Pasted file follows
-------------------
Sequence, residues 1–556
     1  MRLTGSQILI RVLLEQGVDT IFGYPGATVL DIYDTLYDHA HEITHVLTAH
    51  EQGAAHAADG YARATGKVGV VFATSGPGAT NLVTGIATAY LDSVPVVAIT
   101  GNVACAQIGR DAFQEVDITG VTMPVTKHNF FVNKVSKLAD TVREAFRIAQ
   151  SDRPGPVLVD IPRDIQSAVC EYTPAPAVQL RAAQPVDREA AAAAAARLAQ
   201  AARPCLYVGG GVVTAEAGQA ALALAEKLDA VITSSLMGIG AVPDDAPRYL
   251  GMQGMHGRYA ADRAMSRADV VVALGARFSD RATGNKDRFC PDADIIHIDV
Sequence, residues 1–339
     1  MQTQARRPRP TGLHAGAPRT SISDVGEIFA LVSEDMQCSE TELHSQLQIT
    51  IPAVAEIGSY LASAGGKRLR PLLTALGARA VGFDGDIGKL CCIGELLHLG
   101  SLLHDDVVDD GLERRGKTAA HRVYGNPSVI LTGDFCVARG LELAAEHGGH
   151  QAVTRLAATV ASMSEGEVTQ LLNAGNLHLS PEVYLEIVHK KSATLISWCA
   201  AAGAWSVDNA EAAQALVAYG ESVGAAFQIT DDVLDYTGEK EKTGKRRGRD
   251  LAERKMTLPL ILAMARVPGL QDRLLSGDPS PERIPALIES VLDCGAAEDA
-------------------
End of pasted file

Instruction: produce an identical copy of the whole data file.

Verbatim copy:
Sequence, residues 1–556
     1  MRLTGSQILI RVLLEQGVDT IFGYPGATVL DIYDTLYDHA HEITHVLTAH
    51  EQGAAHAADG YARATGKVGV VFATSGPGAT NLVTGIATAY LDSVPVVAIT
   101  GNVACAQIGR DAFQEVDITG VTMPVTKHNF FVNKVSKLAD TVREAFRIAQ
   151  SDRPGPVLVD IPRDIQSAVC EYTPAPAVQL RAAQPVDREA AAAAAARLAQ
   201  AARPCLYVGG GVVTAEAGQA ALALAEKLDA VITSSLMGIG AVPDDAPRYL
   251  GMQGMHGRYA ADRAMSRADV VVALGARFSD RATGNKDRFC PDADIIHIDV
Sequence, residues 1–339
     1  MQTQARRPRP TGLHAGAPRT SISDVGEIFA LVSEDMQCSE TELHSQLQIT
    51  IPAVAEIGSY LASAGGKRLR PLLTALGARA VGFDGDIGKL CCIGELLHLG
   101  SLLHDDVVDD GLERRGKTAA HRVYGNPSVI LTGDFCVARG LELAAEHGGH
   151  QAVTRLAATV ASMSEGEVTQ LLNAGNLHLS PEVYLEIVHK KSATLISWCA
   201  AAGAWSVDNA EAAQALVAYG ESVGAAFQIT DDVLDYTGEK EKTGKRRGRD
   251  LAERKMTLPL ILAMARVPGL QDRLLSGDPS PERIPALIES VLDCGAAEDA